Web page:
Don't let me diminish the intellectual integrity of these books though. By no means are they fluffy or unversed. In The Seven Husbands of Evelyn Hugo (2017), Reid expertly illustrates the mesmerising yet unforgiving realities of the old heydays of Hollywood glamour while hooking you right at the get-go with an enigmatic mystery plot. Daisy Jones & The Six (2019), though not heavy on the plot, is a masterclass on how to treat a massive cast of characters and not skimp on providing each one with a full arc of their own. Reid's two "main leads", Daisy and Billy, sparkle, and even an unromantic, cynical potato like myself did not roll her eyes even once!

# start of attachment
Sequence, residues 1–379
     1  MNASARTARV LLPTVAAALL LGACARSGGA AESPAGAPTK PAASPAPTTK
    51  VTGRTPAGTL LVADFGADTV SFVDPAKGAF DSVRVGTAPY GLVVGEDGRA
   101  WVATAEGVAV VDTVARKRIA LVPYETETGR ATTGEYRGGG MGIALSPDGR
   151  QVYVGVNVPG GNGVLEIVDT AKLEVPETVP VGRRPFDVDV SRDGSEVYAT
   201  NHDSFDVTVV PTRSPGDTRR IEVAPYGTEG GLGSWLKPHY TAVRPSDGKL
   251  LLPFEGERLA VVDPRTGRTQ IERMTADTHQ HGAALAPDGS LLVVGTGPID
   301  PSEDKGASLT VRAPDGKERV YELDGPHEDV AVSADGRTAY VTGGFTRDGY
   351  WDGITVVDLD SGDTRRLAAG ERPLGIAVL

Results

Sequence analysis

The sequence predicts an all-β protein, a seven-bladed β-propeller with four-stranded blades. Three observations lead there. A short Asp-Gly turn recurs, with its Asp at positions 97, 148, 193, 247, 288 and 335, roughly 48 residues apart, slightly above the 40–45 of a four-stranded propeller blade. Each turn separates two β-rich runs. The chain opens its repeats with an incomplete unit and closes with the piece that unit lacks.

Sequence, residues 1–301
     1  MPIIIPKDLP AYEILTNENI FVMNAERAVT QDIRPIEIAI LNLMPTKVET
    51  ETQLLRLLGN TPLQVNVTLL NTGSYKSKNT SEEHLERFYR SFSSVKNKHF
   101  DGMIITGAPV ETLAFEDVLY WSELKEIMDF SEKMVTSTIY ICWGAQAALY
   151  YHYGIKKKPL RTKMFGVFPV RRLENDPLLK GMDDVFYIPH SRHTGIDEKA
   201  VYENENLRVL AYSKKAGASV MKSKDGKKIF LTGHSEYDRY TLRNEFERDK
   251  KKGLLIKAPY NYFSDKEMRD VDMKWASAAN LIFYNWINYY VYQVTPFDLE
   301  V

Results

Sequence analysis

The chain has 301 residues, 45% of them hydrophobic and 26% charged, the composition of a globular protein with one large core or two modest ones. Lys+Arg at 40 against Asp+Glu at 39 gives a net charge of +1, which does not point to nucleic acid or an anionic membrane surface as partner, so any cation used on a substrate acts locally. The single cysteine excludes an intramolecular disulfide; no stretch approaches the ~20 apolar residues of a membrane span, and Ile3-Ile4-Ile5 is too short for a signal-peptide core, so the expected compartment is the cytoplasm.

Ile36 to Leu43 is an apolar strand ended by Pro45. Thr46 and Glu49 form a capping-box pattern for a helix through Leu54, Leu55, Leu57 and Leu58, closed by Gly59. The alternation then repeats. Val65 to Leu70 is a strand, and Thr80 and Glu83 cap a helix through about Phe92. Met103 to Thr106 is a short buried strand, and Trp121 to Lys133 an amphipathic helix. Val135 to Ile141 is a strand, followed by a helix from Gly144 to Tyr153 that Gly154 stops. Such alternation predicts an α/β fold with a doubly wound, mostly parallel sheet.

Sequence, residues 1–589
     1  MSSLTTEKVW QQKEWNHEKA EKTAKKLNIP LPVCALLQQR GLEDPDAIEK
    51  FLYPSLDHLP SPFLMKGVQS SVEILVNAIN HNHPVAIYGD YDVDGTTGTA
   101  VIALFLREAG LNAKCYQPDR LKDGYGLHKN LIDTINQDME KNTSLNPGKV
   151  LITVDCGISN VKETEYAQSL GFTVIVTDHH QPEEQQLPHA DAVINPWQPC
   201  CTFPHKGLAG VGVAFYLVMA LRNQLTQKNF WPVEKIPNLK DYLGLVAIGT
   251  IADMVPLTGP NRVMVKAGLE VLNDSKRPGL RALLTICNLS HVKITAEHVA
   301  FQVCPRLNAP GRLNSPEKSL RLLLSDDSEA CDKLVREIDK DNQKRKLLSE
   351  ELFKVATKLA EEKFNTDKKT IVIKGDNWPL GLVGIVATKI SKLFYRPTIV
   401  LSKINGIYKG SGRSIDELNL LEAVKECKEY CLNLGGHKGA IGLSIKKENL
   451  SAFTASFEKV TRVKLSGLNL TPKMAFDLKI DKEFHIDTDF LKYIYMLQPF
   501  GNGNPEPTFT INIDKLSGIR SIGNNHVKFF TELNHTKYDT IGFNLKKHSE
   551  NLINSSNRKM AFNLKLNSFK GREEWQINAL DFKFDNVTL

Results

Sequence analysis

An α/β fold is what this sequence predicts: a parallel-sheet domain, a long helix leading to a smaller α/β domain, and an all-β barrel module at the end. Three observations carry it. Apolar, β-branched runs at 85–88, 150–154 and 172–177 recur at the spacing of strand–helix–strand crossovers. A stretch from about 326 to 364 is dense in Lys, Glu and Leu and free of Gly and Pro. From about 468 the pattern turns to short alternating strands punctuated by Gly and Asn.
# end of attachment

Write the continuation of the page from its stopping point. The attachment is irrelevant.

Colleen Hoover, meanwhile, forays into the world of thrillers for the first time with Verity (2018), and I do not know why she would ever go back to writing anything else other than this genre. Hoover doesn't strive hard to make her protagonist likeable, in fact you are suspicious of most characters throughout the narrative, without excessively hating or rooting for anyone. Yet the tale is riveting enough that you are guaranteed an all-nighter and some serious case of the dark circles the following day. No wordy prologues, no excessive world building, and usage of the dreaded thesaurus kept very much at bay, these books may never make it to the shortlist (or longlist) of the inundated universe of Booker Prizes; but they will keep you flipping pages insatiably and they will make you a reader, in my case a wholly transformed one.